You know what it feels like when a boss or coworker (or maybe even a spouse or friend) is pressuring you for whatever reason? Maybe it’s a huge project for a bigtime client, and your boss keeps reminding you how important it is, and you really have to deliver, and it will be really bad for the company if things don’t go well. And then maybe you get some feedback that’s less than stellar, and you are reminded—again—how high the stakes are.
You know this feeling: Your internal critic goes to town and you start beating yourself up. Maybe your heart beats faster or you start to sweat. Your breathing gets shallow, and your shoulders tighten up. Then you’re clenching your jaw and hunching over your desk instead of sitting tall like you do when you feel confident. By the end of the day you have a headache and your neck is sore.
It’s the worst.
It can get so bad that you’re sick to your stomach.
Are you like me and associate this stress-induced response as happening only when triggered by someone else?
I thought you might be, and I learned something about myself recently that I’ve been exploring: I make myself feel like this all on my own. A lot.
Yep. When I determine a goal (lose weight) or start a big project (write a book), I do all of the things I just described in the example with the boss pressuring you—except, I’M the one doing the pressuring.
I keep telling myself how important it is that I stay on track, keep my eye on the prize, I really have to deliver, what a slacker I am if I slow down or miss something, and it will be really bad (for me) if things don’t go well. Then I give myself less-than-stellar feedback—okay, let’s be honest, the stuff I say to myself is downright awful, like how I can never do anything right, will never be able to do what I set out to accomplish, and even if I do it won’t be good enough.
Then I read something about self-criticism causing stress in the body, and stress in turn causes elevated levels of cortisol, which can wreak all kinds of havoc (mess up sleep, cause weight gain, disrupt menstruation for women, to name just a few).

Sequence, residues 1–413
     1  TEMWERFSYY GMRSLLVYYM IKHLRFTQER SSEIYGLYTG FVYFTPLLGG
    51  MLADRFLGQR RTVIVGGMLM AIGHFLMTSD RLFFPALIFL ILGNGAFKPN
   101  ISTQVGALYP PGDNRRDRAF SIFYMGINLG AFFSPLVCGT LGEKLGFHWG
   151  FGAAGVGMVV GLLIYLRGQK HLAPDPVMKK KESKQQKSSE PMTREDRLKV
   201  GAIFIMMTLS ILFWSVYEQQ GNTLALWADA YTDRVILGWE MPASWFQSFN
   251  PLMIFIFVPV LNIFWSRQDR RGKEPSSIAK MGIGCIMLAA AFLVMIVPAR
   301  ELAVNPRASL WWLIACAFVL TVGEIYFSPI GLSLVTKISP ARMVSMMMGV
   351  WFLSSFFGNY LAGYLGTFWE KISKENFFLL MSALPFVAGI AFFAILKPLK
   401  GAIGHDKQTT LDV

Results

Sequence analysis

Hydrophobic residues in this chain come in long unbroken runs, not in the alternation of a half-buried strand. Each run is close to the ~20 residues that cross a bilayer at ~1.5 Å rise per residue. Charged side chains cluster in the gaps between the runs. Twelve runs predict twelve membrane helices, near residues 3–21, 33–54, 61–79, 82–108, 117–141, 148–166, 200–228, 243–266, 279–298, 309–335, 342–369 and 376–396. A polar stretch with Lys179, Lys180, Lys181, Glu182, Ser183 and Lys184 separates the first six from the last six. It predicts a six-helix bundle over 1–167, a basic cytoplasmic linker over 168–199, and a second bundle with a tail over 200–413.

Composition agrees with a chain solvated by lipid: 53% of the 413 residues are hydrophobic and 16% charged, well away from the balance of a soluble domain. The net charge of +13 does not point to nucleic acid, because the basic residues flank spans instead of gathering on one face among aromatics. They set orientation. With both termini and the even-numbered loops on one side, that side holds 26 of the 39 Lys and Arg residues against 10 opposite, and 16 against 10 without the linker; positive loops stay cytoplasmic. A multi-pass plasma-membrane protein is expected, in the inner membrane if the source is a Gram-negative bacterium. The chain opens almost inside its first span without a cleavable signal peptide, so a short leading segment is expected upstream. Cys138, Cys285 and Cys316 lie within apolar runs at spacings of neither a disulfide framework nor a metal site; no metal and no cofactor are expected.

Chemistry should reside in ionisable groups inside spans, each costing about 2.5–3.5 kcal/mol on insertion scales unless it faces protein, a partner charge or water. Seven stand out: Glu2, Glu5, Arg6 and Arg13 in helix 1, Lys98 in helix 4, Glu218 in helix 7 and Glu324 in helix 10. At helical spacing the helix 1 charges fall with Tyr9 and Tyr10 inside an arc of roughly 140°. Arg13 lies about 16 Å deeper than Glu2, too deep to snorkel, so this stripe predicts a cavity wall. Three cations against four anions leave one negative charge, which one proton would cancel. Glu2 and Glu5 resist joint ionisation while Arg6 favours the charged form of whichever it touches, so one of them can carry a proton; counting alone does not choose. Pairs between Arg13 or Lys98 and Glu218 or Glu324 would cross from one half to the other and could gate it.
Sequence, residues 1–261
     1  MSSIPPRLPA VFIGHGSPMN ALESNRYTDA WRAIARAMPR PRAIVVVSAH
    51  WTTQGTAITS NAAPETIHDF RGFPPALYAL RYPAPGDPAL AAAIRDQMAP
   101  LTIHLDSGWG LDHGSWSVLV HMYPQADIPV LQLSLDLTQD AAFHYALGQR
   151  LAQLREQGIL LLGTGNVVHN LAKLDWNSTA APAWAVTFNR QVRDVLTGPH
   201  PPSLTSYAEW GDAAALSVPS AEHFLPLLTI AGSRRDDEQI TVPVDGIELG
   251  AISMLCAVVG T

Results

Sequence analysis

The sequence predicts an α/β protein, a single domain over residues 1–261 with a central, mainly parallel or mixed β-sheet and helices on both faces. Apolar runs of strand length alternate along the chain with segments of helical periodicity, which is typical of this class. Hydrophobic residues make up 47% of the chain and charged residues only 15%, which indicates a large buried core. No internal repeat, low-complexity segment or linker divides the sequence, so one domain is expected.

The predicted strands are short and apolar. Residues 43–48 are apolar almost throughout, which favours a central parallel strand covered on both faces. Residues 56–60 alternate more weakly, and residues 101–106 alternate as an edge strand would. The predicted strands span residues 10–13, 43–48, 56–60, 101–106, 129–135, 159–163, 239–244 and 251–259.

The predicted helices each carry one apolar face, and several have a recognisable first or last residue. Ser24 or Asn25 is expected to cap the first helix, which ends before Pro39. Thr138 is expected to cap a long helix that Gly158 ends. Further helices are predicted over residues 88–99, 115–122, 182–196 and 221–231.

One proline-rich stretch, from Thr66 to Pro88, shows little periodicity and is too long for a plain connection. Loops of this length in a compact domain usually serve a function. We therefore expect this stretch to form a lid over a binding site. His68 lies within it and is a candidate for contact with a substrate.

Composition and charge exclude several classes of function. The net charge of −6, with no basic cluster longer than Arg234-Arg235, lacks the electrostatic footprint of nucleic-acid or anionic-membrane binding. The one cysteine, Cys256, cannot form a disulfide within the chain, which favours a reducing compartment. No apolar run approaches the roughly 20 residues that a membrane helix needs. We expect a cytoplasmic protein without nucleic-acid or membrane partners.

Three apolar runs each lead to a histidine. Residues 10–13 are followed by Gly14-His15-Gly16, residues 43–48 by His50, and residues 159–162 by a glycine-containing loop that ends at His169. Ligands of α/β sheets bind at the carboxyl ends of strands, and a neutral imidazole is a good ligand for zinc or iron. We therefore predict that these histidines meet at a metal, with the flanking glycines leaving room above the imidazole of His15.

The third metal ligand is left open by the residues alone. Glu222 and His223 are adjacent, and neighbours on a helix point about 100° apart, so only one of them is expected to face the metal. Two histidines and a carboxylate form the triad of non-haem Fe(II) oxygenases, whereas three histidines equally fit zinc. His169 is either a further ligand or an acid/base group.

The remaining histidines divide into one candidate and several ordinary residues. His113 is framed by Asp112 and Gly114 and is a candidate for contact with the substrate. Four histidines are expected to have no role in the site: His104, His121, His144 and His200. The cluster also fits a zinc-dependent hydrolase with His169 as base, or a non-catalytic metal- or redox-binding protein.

This was a literal lightbulb moment.
OF COURSE pressure and criticism is stressful when it’s coming from other people. So why have I never correlated the pressure and criticism I direct toward myself as self-inflicted stress?
Then I thought about my clients. I’ve been working with amazing writers this year on their book manuscripts. Imagine committing to completing your book manuscript in a year, and yet these writers are doing it. AND they are kicking ass. Sure, some of them may not be as far along as they had hoped, but when we get on our check-in calls what am I saying to them?
I say: Look at all you’ve accomplished so far this year. Make a list of what you HAVE done this year, IN SPITE of everything we’ve been dealing with. Reflect on where you were when we started working together, and have you made progress—YES! Are you farther along now than you would be otherwise—YES! You are doing great, you have SO MUCH to be proud of.
And it hit me: The things I say to myself I would NEVER say to one of these writers. So why the fuck do I speak to myself that way?
It’s high time that I treat myself with the same kindness and love and grace that I treat my clients. And if this is a reminder I needed, then I’m guessing you probably needed it to. So here it is: be nice to yourself. You know that writing buddy who you trade work with sometimes? What would you say to them? Write it down as if you were sending them an email. And then read it to yourself OUT LOUD. Bet it’s a lot of juicy stuff you need to hear right now.